Paratuberculosis is a chronic bacterial infection of the intestine in cattle caused by Mycobacterium avium subspecies paratuberculosis (Map). To better understand Map transmission in Irish dairy herds, we adapted the French stochastic individual-based epidemiological simulation model to account for seasonal herd demographics. We investigated the probability of Map persistence over time, the within-herd prevalence over time, and the relative importance of transmission pathways, and assessed the relative effectiveness of test-and-cull control strategies. We investigated the impact on model outputs of calf separation from cows (calves grazed on pasture adjacent to cows vs. were completely separated from cows) and test-and-cull. Test-and-cull scenarios consisted of highly test-positive cows culled within 13 or 4 weeks after detection, and calf born to highly test-positive cows kept vs removed. We simulated a typical Irish dairy herd with on average 82 lactating cows, 112 animals in total. Each scenario was iterated 1000 times to adjust variation caused by stochasticity. Map was introduced in the fully naive herd through the purchase of a moderately infectious primiparous cow. Infection was considered to persist when at least one infected animal remained in the herd or when Map was present in the environment.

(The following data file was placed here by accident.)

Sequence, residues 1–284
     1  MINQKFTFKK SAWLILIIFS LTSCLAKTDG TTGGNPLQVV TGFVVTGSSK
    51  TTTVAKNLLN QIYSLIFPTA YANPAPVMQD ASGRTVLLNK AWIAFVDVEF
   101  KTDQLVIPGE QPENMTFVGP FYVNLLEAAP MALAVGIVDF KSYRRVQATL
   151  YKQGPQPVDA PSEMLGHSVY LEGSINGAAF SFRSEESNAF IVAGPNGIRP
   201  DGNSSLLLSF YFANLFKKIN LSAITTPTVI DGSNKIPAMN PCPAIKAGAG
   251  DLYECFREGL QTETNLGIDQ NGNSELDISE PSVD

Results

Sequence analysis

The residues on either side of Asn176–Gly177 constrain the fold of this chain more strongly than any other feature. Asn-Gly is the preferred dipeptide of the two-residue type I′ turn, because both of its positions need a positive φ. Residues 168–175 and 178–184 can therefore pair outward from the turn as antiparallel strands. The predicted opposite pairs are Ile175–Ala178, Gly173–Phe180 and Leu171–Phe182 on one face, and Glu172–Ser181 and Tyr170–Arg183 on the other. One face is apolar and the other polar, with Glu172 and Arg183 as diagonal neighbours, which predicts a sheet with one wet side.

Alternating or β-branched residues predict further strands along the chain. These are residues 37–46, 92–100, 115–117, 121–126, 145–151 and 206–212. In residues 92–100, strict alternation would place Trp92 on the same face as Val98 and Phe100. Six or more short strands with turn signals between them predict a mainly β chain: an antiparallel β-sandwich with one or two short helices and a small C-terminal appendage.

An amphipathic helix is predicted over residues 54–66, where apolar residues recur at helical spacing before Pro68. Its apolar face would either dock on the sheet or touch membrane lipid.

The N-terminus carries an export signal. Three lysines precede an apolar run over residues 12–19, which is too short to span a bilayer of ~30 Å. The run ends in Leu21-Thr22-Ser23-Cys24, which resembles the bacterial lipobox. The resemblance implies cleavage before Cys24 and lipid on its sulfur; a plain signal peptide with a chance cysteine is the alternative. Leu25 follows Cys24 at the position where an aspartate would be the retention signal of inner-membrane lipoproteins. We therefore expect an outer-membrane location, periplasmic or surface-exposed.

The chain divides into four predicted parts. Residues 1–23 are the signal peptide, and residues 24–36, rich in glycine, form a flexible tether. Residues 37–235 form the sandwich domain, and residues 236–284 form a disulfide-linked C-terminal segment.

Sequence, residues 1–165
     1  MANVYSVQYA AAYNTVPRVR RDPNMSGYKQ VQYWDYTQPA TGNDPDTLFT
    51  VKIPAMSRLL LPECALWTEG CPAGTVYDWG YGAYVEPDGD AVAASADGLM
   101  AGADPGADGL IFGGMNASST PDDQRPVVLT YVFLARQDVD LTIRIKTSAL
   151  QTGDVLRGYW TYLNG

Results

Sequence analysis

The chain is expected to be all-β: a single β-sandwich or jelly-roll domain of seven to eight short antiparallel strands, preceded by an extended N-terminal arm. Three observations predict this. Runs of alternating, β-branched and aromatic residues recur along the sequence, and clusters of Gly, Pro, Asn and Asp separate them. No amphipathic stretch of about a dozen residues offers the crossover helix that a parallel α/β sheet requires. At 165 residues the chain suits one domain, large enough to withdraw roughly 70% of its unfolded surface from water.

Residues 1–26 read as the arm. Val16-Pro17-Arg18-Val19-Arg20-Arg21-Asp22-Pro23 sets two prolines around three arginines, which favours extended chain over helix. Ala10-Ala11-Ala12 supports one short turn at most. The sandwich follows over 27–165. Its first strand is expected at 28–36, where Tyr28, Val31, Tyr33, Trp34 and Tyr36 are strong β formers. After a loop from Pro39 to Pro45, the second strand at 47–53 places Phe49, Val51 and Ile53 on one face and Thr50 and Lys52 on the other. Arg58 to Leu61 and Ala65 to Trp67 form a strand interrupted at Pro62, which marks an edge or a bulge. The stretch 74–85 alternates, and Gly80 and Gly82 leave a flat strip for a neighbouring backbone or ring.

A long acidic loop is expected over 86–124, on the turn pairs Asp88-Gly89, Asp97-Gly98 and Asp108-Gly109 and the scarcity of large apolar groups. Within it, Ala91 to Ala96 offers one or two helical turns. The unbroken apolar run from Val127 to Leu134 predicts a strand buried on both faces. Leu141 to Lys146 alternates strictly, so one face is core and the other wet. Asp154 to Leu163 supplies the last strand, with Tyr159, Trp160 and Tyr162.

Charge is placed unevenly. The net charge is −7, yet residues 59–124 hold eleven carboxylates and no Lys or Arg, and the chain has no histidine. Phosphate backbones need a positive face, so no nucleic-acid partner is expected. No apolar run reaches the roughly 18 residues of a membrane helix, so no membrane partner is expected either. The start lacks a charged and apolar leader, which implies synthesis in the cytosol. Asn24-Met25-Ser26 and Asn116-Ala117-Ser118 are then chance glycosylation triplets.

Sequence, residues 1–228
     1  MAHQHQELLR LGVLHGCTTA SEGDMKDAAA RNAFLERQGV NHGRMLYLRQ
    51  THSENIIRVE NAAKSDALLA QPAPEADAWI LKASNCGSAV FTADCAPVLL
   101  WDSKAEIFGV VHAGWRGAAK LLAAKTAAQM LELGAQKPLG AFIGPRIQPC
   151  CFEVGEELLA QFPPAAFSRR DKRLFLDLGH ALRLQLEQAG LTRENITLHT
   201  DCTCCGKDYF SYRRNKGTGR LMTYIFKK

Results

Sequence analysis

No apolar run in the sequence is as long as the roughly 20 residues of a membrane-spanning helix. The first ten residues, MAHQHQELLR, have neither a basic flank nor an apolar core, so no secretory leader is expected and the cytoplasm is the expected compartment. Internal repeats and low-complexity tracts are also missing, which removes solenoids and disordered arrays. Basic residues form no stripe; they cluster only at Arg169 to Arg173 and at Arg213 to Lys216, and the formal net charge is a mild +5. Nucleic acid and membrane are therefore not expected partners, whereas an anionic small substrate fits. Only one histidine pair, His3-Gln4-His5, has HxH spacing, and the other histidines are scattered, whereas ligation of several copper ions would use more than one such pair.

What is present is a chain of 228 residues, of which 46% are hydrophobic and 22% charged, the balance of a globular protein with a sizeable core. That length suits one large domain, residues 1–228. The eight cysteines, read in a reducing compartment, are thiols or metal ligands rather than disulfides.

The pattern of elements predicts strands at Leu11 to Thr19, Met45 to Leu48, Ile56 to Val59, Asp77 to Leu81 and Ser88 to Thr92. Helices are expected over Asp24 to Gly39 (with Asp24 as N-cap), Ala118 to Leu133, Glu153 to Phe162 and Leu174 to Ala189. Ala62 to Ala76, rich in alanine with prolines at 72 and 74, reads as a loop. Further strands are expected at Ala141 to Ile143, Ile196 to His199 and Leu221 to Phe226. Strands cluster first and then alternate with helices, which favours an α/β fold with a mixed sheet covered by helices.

The probability of Map persistence 15 years after introduction ranged between 32.2-42.7 % when calves and cows had contact on pasture, and between 18.9-29.4 % when calves and cows were separated on pasture. The most effective control strategy was to cull highly test-positive cows within four weeks of detection (absolute 10 % lower persistence compared to scenarios without control). Removing the offspring of highly test-positive dams did not affect either Map persistence or within-herd prevalence of Map.
Mean prevalence 15 years after Map introduction was highest (63.5 %) when calves and cows had contact on pasture. Mean prevalence was 15 % lower (absolute decrease) when cows were culled within 13 weeks of a high test-positive result, and 28 % lower when culled within 4 weeks.
Around calving, the infection rate was high, with calves being infected in utero or via the general indoor environment (most important transmission routes). For the remainder of the year, the incidence rate was relatively low with most calves being infected on pasture when in contact with cows. Testing and culling was an effective control strategy when it was used prior to the calving period to minimize the number of highly infectious cows present when calves were born.